The president of Mexico promises to reduce violence in six months

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The president of Mexico promises to reduce violence in six months The president of Mexico, Andrés Manuel López Obrador, during his morning press conference today, Monday, April 22, 2019, in the state of Veracruz (Mexico). EFE / PRESIDENCIA / ONLY EDITORIAL USE

 Veracruz (Mexico), – After suffering the start of the most violent year in Mexico’s recent history, President Andrés Manuel López Obrador decided on Monday not to change his security strategy one bit and promised that in six months he will begin to produce results.

López Obrador held the daily meeting with his security team in the eastern state of Veracruz, which on Friday returned to suffer a serious episode of violence with the killing of 14 people in the municipality of Minatitlán.

The president attributed that episode to the previous federal and state governments, which maintained a “conspiracy” with organized crime, and promised to reduce crime in the country by six months.

“Violence broke out but we are stabilizing it, not continuing the trend of increased violence, it will take some time but it will start to go down,” he promised.

Six months is the time he needs, he said, to consolidate his security strategy that is based on three points: improving the well-being of citizens, the creation of the National Guard and the eradication of corruption.

“The Mexican is not bad by nature,” said the president, and said that “the fundamental thing is that there is work, you serve the young and there is wellbeing.”

According to the also leader of the leftist National Regeneration Movement (Morena), the scholarship program that his Government is promoting, in functions since December 1, will prevent young people from falling into organized crime networks.

In addition, he recalled that the creation of the National Guard, a new body of public security, will equip the president with thousands of police and soldiers to guarantee the country’s security.

This despite the criticism of civil organizations that have reported numerous cases of human rights violations committed by the Armed Forces during more than a decade that have been carrying out tasks of public security in the context of the fight against drug trafficking.

“When we have a presence throughout the country, which is not there now, we will guarantee public safety,” the president said at a press conference about the future National Guard.

And he assured that the new federal Government will eradicate the corruption that up to now had in all the levels of the administration, that were in league with the organized crime.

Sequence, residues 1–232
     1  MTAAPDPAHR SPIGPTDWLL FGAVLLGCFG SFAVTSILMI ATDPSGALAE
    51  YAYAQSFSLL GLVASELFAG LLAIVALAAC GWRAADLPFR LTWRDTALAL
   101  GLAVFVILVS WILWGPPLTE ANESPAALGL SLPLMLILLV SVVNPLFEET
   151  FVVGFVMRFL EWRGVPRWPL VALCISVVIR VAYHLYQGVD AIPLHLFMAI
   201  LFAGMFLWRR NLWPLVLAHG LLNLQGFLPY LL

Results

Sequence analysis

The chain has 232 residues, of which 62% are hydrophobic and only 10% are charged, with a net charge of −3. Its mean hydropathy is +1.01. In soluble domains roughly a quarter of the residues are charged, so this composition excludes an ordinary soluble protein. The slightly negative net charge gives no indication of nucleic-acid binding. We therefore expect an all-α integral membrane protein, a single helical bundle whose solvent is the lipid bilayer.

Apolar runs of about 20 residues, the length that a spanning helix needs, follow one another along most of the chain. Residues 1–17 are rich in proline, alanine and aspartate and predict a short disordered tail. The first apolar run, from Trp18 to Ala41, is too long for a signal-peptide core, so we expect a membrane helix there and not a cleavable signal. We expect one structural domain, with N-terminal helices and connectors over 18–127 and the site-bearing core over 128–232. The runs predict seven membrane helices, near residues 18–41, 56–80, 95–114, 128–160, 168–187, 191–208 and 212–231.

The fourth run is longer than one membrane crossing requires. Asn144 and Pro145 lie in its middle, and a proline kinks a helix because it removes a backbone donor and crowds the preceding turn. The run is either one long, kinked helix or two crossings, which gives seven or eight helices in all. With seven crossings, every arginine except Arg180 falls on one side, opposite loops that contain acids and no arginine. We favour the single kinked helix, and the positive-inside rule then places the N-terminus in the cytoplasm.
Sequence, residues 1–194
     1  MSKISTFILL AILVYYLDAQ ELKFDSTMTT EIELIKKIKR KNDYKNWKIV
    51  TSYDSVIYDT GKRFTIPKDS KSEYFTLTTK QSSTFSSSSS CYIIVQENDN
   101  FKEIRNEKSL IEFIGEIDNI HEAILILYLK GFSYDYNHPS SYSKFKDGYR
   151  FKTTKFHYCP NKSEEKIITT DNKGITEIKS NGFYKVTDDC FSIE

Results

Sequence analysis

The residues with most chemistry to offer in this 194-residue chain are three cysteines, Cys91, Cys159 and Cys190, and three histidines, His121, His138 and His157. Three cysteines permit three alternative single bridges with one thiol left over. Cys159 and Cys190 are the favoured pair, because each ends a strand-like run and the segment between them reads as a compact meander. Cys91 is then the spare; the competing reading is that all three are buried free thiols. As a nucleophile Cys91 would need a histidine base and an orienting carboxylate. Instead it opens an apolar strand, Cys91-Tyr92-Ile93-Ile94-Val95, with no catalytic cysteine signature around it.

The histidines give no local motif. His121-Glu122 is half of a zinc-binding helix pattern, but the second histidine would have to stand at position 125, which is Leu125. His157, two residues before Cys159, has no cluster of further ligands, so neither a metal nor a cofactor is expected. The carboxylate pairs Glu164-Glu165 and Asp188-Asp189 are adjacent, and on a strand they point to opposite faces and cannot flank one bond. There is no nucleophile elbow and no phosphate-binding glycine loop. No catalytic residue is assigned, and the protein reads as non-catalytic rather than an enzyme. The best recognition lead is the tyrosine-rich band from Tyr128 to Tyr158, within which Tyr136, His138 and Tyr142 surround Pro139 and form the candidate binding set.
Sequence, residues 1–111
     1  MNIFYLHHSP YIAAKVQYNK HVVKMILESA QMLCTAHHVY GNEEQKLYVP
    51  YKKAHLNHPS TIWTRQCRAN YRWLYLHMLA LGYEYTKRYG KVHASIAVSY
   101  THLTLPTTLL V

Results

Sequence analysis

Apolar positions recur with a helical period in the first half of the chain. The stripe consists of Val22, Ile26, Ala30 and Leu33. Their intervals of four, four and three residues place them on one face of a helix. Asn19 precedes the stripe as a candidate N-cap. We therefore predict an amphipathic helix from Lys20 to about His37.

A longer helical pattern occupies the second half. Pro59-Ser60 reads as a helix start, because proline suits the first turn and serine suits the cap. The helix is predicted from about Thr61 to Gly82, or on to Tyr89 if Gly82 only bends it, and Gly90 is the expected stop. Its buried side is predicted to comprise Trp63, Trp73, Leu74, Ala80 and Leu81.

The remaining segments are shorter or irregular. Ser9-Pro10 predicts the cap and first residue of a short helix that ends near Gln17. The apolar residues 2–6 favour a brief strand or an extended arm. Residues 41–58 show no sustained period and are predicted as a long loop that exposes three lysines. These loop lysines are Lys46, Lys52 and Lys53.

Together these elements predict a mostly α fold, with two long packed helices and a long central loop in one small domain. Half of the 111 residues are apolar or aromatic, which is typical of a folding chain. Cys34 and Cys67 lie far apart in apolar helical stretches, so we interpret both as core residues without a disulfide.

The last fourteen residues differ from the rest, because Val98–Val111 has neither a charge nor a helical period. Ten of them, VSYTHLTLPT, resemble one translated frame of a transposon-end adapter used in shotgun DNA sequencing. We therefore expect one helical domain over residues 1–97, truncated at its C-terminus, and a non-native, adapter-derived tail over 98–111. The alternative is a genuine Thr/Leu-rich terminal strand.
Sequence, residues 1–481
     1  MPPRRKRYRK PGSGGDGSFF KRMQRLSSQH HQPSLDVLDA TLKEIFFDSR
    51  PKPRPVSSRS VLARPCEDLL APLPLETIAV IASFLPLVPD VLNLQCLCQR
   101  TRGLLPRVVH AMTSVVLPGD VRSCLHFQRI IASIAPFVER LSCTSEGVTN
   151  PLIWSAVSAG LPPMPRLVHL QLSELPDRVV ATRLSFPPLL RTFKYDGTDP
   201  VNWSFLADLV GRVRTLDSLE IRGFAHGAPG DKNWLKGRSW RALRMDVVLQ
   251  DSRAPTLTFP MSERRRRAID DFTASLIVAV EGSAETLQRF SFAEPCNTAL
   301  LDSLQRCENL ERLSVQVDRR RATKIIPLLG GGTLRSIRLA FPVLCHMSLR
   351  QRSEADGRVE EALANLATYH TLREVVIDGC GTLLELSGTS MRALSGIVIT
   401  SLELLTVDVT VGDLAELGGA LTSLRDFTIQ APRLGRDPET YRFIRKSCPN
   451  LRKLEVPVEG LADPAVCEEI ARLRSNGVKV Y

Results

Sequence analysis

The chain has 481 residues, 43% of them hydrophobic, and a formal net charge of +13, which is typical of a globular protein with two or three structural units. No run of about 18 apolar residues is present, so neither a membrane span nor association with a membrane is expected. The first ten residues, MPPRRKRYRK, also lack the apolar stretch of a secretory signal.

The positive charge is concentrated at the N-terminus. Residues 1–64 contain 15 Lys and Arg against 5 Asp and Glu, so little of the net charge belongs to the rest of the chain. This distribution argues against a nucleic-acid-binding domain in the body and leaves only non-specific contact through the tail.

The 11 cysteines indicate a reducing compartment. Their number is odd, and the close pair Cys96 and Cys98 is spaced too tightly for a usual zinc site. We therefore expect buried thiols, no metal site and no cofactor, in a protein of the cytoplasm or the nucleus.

“They left the state of the country in a lamentable situation of crisis, corruption and collusion between crime and authorities, this is the inheritance that was received in the country and, particularly, in Veracruz,” lamented López Obrador.

Thirteen people – five women, one children and seven men – died last Friday in an attack that an armed group perpetrated at a private party in Minatitlán. The men were looking to take a subject, but the party attendants tried to prevent it, so they were attacked by gunshots.

On Sunday, an armed group shot dead a mother and her daughter who were traveling by car in the southeastern state of Tabasco in an attack in which two children were injured.

The victims’ family owns a cargo transport company that operates in an area controlled by groups dedicated to the theft of fuel, a crime known in Mexico as huachicoleo.
Mexico reported 8,493 murders in the first quarter of 2019, the highest number since 1997, when this registration began.

Last year, still under the presidency of Enrique Peña Nieto (2012-2018), there were 33,369 murders, the most violent since 1997.

López Obrador has been criticized in recent days for the lack of results of his security strategy and for having remained silent after the Minatitlan massacre.

“Our adversaries, who were silent like mummies when the country was being plundered and our country became a cemetery, now shout like town cries,” the president reproached.

He also attacked once again against the “fifí press”, in reference to the conservative media that criticize him, and promised that “things will change for the good of Mexico.”
“They would like us to fail but they will stay with the desire,” he said. (EFE).

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